Additionally Providence integrated the PSCN surveillance sensor feeds of 17 cameras with additional cameras, including a mobile camera mounted on a Providence Fire Department heavy rescue vehicle. Radars and data fusion assets provide a common operating picture (COP) for the city and Narragansett Bay. Part of this program was a partnership with Raytheon Corp. through a cooperative research and development agreement between Raytheon and the state
In pursuit of a common platform to use when responding to an incident, PEMA, with the assistance of DHS Port Security Grant Program funding, sought to establish additional surveillance capabilities in the northern bay and main port area. PEMA wanted to develop a system that provided a holistic, integrated design that would allow for future expansion. Gaynor contracted with Raytheon to integrate existing cameras and deploy additional cameras and radars to provide new coverage of Narragansett Bay via a project named the Port Area Waterside Security System (PAWSS) project, a platform housed in the EOC.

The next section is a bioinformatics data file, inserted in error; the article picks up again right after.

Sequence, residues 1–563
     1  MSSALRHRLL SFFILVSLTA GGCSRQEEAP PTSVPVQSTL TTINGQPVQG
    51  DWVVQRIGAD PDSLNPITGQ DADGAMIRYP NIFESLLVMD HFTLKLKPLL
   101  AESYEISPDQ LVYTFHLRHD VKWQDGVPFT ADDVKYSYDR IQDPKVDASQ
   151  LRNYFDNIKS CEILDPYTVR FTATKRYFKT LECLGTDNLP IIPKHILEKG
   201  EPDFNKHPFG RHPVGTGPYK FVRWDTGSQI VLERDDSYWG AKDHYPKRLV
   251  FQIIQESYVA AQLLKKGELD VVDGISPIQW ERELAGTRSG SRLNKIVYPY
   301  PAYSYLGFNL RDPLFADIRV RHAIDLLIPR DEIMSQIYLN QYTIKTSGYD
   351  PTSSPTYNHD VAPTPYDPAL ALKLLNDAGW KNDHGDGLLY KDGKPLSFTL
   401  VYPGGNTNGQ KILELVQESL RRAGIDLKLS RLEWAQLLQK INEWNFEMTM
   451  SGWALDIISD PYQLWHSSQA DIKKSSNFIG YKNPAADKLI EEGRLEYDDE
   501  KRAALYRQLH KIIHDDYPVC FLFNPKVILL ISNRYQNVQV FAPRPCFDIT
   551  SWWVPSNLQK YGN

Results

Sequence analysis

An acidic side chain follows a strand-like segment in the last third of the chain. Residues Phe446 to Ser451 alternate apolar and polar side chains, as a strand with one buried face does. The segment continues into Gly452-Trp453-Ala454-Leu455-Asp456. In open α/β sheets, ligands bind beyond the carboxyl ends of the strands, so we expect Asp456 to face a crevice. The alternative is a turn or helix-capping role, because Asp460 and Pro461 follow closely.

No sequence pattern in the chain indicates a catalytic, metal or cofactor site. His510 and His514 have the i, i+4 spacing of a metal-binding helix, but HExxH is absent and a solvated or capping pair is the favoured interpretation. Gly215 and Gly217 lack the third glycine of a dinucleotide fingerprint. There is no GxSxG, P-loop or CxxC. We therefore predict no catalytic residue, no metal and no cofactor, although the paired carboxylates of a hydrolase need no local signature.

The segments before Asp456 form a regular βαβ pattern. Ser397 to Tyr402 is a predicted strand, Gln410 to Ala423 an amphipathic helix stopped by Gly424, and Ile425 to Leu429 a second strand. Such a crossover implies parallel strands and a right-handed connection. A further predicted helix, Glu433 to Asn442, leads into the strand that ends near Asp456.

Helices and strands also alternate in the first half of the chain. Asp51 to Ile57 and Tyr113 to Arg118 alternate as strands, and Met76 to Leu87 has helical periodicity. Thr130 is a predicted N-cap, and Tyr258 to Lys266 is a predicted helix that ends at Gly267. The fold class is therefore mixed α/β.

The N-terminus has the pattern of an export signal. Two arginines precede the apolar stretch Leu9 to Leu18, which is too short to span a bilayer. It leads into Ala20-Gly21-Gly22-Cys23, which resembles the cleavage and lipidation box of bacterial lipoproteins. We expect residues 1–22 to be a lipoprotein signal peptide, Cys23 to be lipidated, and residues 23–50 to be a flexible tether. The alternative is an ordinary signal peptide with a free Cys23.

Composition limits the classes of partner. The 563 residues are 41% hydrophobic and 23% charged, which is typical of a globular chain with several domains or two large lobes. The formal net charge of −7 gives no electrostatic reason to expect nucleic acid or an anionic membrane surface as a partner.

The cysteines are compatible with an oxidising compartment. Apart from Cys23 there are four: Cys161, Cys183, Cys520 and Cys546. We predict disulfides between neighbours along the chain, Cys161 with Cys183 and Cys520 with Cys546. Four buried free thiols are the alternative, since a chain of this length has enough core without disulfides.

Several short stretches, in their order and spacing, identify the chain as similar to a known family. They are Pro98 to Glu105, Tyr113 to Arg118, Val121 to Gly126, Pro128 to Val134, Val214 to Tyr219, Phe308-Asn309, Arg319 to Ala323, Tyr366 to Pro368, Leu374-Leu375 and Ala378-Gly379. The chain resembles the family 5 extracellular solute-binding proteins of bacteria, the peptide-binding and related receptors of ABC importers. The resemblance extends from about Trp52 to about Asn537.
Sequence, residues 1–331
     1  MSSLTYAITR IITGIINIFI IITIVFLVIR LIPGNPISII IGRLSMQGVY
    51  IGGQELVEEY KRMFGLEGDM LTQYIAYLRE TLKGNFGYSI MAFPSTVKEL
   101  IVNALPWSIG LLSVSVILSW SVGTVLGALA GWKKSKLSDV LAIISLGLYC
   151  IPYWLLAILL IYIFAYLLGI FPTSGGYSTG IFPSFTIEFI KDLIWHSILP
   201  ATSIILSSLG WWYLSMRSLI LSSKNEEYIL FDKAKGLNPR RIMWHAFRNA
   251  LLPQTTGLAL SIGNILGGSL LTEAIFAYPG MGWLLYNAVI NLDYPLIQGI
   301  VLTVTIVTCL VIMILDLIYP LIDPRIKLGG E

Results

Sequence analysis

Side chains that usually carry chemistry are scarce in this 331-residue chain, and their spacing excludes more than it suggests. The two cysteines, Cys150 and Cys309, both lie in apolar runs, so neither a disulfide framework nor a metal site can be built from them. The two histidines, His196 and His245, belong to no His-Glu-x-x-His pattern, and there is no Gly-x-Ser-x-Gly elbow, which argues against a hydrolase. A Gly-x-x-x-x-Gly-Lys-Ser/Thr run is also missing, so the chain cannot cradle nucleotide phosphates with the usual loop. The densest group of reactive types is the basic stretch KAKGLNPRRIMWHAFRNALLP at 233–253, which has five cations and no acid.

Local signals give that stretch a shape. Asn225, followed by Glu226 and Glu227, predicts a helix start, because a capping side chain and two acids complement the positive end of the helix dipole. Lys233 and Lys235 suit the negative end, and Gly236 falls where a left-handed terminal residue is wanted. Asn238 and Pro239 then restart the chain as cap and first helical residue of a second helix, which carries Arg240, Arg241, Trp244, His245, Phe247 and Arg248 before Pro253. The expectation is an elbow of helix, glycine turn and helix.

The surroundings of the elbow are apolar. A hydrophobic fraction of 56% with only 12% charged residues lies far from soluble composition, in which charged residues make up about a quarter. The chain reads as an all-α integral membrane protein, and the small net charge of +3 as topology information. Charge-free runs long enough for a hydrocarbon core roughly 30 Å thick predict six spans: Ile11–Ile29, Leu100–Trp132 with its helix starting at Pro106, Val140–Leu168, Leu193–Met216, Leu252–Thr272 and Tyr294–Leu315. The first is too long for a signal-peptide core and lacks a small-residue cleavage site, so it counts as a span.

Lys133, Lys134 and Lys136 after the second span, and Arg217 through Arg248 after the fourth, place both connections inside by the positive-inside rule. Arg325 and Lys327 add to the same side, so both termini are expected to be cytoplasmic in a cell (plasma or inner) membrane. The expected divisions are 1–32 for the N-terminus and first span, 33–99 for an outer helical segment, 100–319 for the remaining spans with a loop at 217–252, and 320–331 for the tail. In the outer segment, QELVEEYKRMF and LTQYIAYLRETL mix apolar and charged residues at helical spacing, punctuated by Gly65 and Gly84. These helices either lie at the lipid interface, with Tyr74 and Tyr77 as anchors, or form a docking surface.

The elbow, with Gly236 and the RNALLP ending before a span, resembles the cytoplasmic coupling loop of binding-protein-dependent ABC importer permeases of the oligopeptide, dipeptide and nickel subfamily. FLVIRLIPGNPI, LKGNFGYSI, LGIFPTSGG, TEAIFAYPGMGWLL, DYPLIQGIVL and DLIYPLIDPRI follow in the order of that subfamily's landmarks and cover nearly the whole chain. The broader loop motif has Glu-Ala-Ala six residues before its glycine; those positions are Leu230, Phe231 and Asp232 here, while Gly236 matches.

The city’s wireless surveillance and data feeds, and the Early Warning Notifications System -- composed of emergency warning sirens -- were also integrated into the system. These improvements were funded through additional DHS grants.